There is a necessary tension between the constitutional character of the presidential office and the occupant's connection to public opinion. No recent presidency better illustrates this tension than that of Barack Obama, the subject of this timely collection of essays.
Mark J. Rozell
An impressive collection of scholarly analyses of President Barack Obama's exercise of his constitutional and political powers. This books lays to rest the myth that Obama's presidency is fulfilling the pledge for fundamental change from the George W. Bush era. The authors present striking evidence of continuity with his predecessor's leadership.
David Crockett
This book rises above the standard set by most "first look" or "first appraisal" volumes. It steps back from the typical list of policy arenas to examine the Obama presidency in the constitutional order, focusing both on the "Big C" Constitution as well as more fundamental regime questions. The coverage of essential issues—executive powers, interbranch relations—is well-handled, as are deeper questions such as the president's connection to progressivism in its many forms. As such, the book ably places President Obama and his administration in broader constitutional, historical, and philosophical context, all while remaining exceptionally relevant to contemporary concerns. Most of all, the book demonstrates the many ways in which the Constitution both empowers and constrains chief executives, regardless of party or ambition. Highly recommended.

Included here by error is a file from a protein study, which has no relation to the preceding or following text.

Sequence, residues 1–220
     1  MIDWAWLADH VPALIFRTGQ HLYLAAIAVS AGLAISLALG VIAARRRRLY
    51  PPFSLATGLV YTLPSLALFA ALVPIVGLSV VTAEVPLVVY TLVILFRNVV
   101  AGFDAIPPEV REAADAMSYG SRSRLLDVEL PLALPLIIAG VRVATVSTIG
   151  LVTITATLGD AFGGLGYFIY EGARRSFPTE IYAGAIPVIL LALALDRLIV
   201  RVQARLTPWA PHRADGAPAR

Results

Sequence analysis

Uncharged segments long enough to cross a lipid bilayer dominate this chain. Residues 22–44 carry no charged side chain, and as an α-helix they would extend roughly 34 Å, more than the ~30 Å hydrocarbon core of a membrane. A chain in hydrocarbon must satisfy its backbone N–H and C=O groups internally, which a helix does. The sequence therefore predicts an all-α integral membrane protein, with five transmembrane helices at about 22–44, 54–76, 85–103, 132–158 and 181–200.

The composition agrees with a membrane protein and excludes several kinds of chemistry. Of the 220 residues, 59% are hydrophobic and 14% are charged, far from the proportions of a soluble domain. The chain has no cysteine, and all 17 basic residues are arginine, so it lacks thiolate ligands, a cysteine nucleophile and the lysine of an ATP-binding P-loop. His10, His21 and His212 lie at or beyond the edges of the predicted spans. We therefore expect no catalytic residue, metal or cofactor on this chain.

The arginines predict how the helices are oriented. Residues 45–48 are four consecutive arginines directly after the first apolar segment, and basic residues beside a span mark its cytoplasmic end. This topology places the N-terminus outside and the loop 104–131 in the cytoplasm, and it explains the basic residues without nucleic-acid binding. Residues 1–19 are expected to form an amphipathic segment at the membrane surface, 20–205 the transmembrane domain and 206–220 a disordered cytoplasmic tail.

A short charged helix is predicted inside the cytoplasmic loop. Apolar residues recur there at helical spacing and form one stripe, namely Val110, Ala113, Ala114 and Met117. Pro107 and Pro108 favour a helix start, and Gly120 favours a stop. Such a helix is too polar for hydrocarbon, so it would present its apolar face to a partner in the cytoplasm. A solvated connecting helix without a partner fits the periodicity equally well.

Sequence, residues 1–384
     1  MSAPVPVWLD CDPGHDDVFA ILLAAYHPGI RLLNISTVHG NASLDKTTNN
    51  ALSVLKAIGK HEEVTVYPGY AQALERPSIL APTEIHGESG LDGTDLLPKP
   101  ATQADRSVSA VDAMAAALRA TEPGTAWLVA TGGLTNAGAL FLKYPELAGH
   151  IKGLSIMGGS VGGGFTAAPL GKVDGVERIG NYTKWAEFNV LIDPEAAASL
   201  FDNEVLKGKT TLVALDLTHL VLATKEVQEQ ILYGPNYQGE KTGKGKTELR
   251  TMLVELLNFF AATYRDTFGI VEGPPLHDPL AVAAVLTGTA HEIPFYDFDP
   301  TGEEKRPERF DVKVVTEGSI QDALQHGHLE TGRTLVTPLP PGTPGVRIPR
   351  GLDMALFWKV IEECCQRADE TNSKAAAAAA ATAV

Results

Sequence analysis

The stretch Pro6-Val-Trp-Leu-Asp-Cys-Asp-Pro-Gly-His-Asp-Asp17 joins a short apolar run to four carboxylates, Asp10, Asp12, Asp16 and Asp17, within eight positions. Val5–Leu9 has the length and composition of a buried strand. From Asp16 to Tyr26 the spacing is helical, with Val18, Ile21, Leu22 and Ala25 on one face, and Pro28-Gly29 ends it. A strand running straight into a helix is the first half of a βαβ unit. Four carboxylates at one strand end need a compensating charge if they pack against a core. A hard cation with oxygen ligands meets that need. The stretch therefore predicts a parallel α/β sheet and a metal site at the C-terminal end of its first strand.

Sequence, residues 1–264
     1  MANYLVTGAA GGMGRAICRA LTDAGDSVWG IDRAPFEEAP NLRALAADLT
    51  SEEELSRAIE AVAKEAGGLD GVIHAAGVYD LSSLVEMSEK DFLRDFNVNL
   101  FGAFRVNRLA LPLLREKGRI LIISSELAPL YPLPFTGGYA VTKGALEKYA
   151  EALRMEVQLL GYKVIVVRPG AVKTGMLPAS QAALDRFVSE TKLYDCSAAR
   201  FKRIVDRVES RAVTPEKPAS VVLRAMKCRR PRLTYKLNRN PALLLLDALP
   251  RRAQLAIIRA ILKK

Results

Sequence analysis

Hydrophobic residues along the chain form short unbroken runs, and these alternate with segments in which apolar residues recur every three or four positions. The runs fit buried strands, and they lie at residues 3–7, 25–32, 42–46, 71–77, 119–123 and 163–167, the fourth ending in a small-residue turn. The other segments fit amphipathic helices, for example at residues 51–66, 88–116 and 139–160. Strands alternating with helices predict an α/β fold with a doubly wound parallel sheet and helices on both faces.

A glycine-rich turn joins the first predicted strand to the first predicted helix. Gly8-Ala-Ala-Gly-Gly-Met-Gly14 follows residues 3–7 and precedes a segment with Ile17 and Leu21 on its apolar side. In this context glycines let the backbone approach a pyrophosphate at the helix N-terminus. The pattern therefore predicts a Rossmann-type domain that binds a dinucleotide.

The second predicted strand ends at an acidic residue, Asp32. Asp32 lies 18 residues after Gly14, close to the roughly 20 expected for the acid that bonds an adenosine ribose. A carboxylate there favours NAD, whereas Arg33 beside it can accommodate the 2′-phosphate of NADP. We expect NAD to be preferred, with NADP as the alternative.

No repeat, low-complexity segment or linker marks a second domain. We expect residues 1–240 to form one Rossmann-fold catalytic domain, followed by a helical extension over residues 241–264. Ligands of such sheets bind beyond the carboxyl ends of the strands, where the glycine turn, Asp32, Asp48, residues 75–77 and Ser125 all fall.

American Review of Politics
The Obama Presidency in the Constitutional Order improves our understanding of the institution of the presidency, builds upon constitutional theory/rhetorical presidency literature, and places the early days of the Obama administration within these frameworks.

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Product Details

ISBN-13:
9781442205314
Publisher:
Rowman & Littlefield Publishers, Inc.
Publication date:
08/10/2012
Edition description:
Reprint
Pages:
326
Product dimensions:
5.99(w) x 8.96(h) x 0.95(d)
Age Range:
18 Years

What People are saying about this

David Crockett
This book rises above the standard set by most "first look" or "first appraisal" volumes. It steps back from the typical list of policy arenas to examine the Obama presidency in the constitutional order, focusing both on the "Big C" Constitution as well as more fundamental regime questions. The coverage of essential issues—executive powers, interbranch relations—is well-handled, as are deeper questions such as the president's connection to progressivism in its many forms. As such, the book ably places President Obama and his administration in broader constitutional, historical, and philosophical context, all while remaining exceptionally relevant to contemporary concerns. Most of all, the book demonstrates the many ways in which the Constitution both empowers and constrains chief executives, regardless of party or ambition. Highly recommended.
Joseph Bessette
There is a necessary tension between the consitutional character of the presidential office and the occupant's connection to public opinion. No recent presidency better illustrates this tension than that of Barack Obama, the subject of this timely collection of essays.
Mark J. Rozell
An impressive collection of scholarly analyses of President Barack Obama's exercise of his constitutional and political powers. This books lays to rest the myth that Obama's presidency is fulfilling the pledge for fundamental change from the George W. Bush era. The authors present striking evidence of continuity with his predecessor's leadership.

Read More

Meet the Author

Carol McNamara is senior lecturer in the Political Science Department at Utah State University. Melanie Marlowe is a lecturer of political science at Miami University.